• Recent Posts

  • Archives

  • Categories

  • Meta

Chicken-coop Table

screen-shot-2017-01-26-at-9-18-27-amIf furniture could talk, there’s an oak table that could tell stories. I first saw it, and four chairs, in Granny’s chicken coop in the spring of 1969 and it was completely covered with feathers and chicken poop. Granny said Husband-to-be and I could have the old rectangular shaped table, and my parents thought it’d make a perfect kitchen table for us. But I couldn’t believe anyone would ever eat a meal on it.

Using hot water and stiff brushes, Dad and I scrubbed the maple-veneered top, that was buckled and cracked, and discovered a solid oak top to match the table’s legs. Dad cleaned, sanded, and refinished the table and four chairs and he glued and secured every leg. It was the perfect size for a small one-bedroom apartment and had a pop-up leaf. Husband and I moved that sturdy, pretty oak table into our first apartment and took it with us when we moved.

In 1980, Dad made and gave us a round oak table so the chicken coop table went into storage. I like to think it enjoyed a rest. No doubt after surviving several moves, and our children’s toddler years, it needed some time off.

When Daughter was a college student and living in an apartment, the table was her desk. For three years it sat next to her bed and was covered with books, papers, a word processor, and everything that a college student throws onto a flat surface. And then back to storage for a short time until Son and his friend, college students, needed a kitchen table in their apartment.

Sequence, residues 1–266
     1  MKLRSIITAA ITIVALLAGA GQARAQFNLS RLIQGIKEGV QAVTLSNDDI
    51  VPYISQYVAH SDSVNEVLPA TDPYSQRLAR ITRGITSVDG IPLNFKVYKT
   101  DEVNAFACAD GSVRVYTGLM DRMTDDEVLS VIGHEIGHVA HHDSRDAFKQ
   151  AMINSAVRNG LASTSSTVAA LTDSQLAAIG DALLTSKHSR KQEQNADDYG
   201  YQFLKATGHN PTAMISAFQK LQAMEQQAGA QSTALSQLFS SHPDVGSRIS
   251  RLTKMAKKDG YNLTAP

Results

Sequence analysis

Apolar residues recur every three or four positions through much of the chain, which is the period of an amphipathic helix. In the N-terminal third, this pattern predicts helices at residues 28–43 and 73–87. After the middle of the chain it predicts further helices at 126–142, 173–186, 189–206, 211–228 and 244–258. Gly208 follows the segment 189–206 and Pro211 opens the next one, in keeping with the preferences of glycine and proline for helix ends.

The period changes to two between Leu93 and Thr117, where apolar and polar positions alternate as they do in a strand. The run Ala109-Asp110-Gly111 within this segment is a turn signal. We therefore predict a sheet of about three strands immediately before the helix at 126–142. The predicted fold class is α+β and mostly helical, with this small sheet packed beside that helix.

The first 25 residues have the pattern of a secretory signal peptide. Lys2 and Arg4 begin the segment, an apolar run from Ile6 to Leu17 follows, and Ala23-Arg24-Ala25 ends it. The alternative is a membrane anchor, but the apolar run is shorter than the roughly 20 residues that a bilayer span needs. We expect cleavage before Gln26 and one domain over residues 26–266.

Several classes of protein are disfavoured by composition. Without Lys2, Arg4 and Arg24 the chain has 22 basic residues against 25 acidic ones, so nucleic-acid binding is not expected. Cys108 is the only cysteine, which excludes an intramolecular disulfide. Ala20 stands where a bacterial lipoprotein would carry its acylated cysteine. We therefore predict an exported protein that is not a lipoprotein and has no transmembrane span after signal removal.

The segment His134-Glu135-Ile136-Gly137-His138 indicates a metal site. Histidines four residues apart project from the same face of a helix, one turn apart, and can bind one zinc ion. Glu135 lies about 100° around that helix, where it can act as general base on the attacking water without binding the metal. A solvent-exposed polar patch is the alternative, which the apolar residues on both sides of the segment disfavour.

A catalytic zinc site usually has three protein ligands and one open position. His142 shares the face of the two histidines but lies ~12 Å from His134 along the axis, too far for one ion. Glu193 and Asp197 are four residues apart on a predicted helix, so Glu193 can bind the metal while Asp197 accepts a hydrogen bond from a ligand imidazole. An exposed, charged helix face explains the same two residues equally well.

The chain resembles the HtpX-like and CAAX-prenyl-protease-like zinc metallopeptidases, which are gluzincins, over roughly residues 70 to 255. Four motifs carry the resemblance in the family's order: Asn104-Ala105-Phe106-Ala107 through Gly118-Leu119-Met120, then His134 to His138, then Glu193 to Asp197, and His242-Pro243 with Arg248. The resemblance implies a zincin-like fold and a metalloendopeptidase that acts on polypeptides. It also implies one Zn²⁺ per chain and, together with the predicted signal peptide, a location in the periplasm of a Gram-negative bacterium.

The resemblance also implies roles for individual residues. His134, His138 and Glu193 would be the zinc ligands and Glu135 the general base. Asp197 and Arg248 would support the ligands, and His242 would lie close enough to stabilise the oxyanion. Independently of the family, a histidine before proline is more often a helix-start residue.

After graduation when Son took his first job, the table went with him to Kentucky. Then Son married, and the table travelled with the newlyweds to Texas and then Colorado. When Son and Daughter-in-law bought a new kitchen table, chicken-coop table once again became a desk. But it was soon replaced by a new modern office desk. Now it’s back here in storage.

Chicken-coop table is well traveled. During the past forty-eight years, it’s made five stops in Tennessee, two in Kentucky, one in Texas, and two in Colorado. It’s ridden in vans, pick-up trucks, rented trailers, and professional moving trucks.

How I wish this table had a tiny recorder and could tell its stories. The chickens squawking in the chicken coop. Discussions around a breakfast table between newlyweds and Friday night pizza with friends. Those first meals with a new baby in the house. Birthday parties. Holiday dinners.

Stories told in the confines of a college coed’s room. Stories of studying and laughing and crying and celebrating. It could tell of life in an apartment of two college men. Late night talks and card games played. Life of a young man taking on his first job.   Second-generation newlyweds and their first child.

And I’d really like to know where that table lived before it was stored away in Granny’s chicken coop. And I wonder how long chicken-coop table will rest. When will it be used again?

Advertisements

Leave a Reply

Fill in your details below or click an icon to log in:

WordPress.com Logo

You are commenting using your WordPress.com account. Log Out / Change )

Twitter picture

You are commenting using your Twitter account. Log Out / Change )

Facebook photo

You are commenting using your Facebook account. Log Out / Change )

Google+ photo

You are commenting using your Google+ account. Log Out / Change )

Connecting to %s

%d bloggers like this: